So you’ve carefully picked out some parts and built a computer, but it doesn’t really do anything…yet. Before we hop into installing your operating system, we need to take a quick look at the BIOS and prepare it for our operating system.
BIOS stands for “Basic Input-Output System.” It’s a tiny program that’s stored on a small memory chip in your motherboard, and it runs on your computer before the operating system does, setting everything up and allowing you to change basic settings. It’s what allows you to install a new operating system, overwrite an old one, or do more technical stuff like overclock your processor.
(Technically, most new motherboards including ours are loaded with a more advanced kind of pre-boot environment called a Unified Extensible Firmware Interface, or UEFI. It has a ton of new and useful features to better support modern hardware. But everyone still calls it “the BIOS,” because it covers all of the same bases.)
If you don’t have an operating system installed on your storage drive, the UEFI/BIOS program should start immediately when you turn your computer on. If it doesn’t, take a look at the splash screen (the one with your motherboard’s logo or text): it will have directions on how to start it.
Usually you do this by quickly pressing F1, F2, F11, F12, Delete, or some other secondary key on your keyboard as it boots. (On our Gigabyte keyboard, the command is “Delete,” in the lower-left portion of the screen above.) If you don’t get it on the first try, just turn the computer off and give it another go.
Once you’re in, there are a few things you may want to do.
Chances are, your motherboard is not running the latest version of its UEFI. Updating it helps to support new features, patch bugs and security vulnerabilities, and generally give the place a bit of spit-and-polish. Because the UEFI runs before the full operating system, it doesn’t have a way to update itself over the Internet, and you’ll need to do it manually.
Note that you don’t generally need the latest version of the motherboard firmware, unless you run into specific compatibility problems with newer hardware and features. For example, if you have a last-generation motherboard and a current-generation CPU that happens to use the same socket, you may need to update it for the CPU to work properly. Updating is also sometimes recommended for specific, critical security updates or bugs.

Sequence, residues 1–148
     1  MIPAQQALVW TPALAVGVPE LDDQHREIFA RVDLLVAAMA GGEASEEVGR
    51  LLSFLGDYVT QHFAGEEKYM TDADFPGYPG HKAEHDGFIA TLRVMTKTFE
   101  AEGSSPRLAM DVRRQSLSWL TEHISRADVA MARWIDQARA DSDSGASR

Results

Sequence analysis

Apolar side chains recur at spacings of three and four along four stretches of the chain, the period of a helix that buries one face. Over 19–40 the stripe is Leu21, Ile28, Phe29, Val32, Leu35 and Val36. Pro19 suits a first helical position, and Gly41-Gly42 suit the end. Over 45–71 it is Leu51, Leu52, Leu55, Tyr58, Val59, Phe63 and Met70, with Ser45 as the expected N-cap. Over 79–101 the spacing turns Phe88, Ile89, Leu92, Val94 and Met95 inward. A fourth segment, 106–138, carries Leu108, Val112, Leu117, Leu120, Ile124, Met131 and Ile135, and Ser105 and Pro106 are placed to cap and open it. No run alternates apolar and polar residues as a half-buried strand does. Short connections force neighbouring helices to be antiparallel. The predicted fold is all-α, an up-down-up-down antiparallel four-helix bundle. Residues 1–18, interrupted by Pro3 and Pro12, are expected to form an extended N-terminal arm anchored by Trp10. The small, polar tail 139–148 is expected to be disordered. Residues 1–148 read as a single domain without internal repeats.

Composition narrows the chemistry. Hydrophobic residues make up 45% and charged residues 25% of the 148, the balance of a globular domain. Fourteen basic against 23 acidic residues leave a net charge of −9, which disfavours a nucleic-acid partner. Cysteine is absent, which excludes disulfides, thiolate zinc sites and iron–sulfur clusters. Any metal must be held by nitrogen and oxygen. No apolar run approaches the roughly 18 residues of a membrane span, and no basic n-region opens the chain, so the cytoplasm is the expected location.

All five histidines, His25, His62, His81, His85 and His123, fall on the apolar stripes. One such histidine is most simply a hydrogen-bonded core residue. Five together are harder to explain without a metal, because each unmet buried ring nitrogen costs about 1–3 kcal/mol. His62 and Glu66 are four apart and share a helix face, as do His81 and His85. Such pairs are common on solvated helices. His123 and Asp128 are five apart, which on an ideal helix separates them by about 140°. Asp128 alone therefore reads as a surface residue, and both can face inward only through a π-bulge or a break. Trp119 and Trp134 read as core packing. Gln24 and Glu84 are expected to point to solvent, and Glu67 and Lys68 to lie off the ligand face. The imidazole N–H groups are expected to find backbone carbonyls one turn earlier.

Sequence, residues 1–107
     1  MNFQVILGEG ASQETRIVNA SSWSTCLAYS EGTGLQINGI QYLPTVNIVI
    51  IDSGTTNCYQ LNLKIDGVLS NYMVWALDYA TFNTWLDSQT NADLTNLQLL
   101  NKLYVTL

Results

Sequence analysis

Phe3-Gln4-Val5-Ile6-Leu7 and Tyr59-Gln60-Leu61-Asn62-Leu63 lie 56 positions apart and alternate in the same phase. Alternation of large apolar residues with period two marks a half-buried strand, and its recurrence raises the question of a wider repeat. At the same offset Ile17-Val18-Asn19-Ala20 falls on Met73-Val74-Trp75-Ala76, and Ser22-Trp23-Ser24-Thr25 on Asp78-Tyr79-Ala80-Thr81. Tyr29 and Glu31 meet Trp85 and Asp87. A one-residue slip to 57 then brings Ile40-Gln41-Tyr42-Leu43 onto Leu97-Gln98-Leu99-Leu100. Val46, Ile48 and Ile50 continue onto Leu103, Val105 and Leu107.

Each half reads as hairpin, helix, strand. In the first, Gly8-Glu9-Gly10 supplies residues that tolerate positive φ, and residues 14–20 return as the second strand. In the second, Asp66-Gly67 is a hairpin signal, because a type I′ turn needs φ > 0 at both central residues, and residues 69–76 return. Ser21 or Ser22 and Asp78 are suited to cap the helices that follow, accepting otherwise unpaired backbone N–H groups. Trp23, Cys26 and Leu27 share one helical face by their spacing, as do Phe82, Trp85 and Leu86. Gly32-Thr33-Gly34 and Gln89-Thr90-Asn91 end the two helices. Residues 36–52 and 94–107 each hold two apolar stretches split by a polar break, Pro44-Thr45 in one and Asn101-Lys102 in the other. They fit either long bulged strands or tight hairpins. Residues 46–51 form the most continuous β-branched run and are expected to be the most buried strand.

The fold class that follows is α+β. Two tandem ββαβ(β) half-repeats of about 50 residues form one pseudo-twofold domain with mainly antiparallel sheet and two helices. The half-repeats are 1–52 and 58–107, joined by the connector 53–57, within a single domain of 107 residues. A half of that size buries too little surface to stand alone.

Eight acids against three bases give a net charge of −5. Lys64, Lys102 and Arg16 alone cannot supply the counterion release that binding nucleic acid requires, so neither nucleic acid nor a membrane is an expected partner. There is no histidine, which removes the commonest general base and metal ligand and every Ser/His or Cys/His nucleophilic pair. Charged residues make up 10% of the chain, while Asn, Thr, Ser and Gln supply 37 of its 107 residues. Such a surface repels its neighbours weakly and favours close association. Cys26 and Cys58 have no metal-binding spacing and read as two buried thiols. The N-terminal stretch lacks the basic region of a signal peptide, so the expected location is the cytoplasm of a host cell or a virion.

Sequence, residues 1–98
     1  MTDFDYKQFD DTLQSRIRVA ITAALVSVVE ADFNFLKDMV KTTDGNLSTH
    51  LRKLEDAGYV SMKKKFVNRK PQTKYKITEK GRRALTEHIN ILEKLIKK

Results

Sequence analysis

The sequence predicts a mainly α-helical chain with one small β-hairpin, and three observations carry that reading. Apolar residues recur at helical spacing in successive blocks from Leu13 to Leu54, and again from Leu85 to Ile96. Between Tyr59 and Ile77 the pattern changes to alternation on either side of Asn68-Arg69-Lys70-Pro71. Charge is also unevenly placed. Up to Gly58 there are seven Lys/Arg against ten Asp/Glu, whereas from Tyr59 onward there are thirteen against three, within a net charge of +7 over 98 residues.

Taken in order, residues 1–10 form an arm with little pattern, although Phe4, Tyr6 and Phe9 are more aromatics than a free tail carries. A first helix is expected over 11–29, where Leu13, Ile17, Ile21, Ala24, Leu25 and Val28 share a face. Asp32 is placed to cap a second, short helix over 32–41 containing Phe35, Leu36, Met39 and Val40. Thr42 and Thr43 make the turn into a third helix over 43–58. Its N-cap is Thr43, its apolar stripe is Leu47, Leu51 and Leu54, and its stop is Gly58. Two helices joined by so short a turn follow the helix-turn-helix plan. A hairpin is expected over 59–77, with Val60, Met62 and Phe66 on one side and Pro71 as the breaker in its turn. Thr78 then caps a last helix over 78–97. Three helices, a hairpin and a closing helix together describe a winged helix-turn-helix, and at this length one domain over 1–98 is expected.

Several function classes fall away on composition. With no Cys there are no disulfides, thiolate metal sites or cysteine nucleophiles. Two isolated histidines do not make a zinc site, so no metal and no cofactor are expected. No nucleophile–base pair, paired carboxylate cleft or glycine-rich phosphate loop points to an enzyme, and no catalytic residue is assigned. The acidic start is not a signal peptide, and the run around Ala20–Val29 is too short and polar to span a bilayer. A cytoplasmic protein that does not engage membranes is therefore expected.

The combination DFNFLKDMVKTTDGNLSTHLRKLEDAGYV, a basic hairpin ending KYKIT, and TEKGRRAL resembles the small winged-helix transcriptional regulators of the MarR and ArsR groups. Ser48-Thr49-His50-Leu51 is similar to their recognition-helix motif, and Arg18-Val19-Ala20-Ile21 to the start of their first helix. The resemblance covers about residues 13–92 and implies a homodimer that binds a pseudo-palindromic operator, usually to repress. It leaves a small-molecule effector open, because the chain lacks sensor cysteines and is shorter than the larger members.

You can check for the latest version of your UEFI/BIOS by putting the model number into Google and adding “BIOS update.” (Check the box or one of the UEFI menus if you don’t know your motherboard model.) On your manufacturer’s product page you’ll find a list of updates, usually under “Support.” Download the latest one if your UEFI isn’t already running it.
Again, for each manufacturer this process is a little different, but more or less all of them should have some means of updating the UEFI program without an operating system installed. In the case of our Gigabyte motherboard, the process went something like this:
Your motherboard and BIOS/UEFI will follow the same general steps, but not necessarily exactly. You can usually find the process with a quick Google search. If for some reason you can’t get it working, don’t worry: motherboard manufacturers also frequently offer programs that can update the BIOS/UEFI once you get Windows up and running, too.
Next, check to make sure that your motherboard can recognize your storage drive. If it can’t, the Windows setup utility you use in the next article won’t have anything to install to.
The instructions here are unfortunately going to be a bit vague, because every company’s UEFI program is laid out differently. All we’re really trying to do is find the page that manages the storage drives. On our Gigabyte motherboard, this is found under the “BIOS” tab (because the new UEFI includes all of the old “BIOS” settings, you see).
I’ve selected “Boot Option #1,” the first thing that the BIOS will attempt to boot. If this fails, it will continue to the second option. Under the available list, you can see the Corsair solid state drive we installed in the last article. If you’re installing your operating system with a DVD drive, make sure you can see it here too. (Sometimes both are labelled “SATA” for their motherboard connections.)
If you don’t see your drive or drives, double-check the power and SATA data cables in your case. If you’ve verified that they’re connected and you still can’t see the drives in BIOS, you may have to replace them.
There’s a lot of other interesting stuff you can do with your computer’s UEFI or BIOS, but none of it is really necessary to get an operating system up and running. Feel free to poke around at some of the options; most of it is self-explanatory, like powering up the computer when the mouse or keyboard is touched. If you don’t understand what something controls, don’t touch it without doing a Google search first.
Here are some of the more interesting options in the BIOS and UEFI we recommend checking out, as long as you feel comfortable doing so:
Once you’re done with everything in the BIOS and UEFI, head to the next article to install Windows. Note that you’ll need another working computer with access to the Internet if you don’t already have an installation disc or USB drive ready.
Or, if you want to jump to another part in the guide, here’s the whole thing: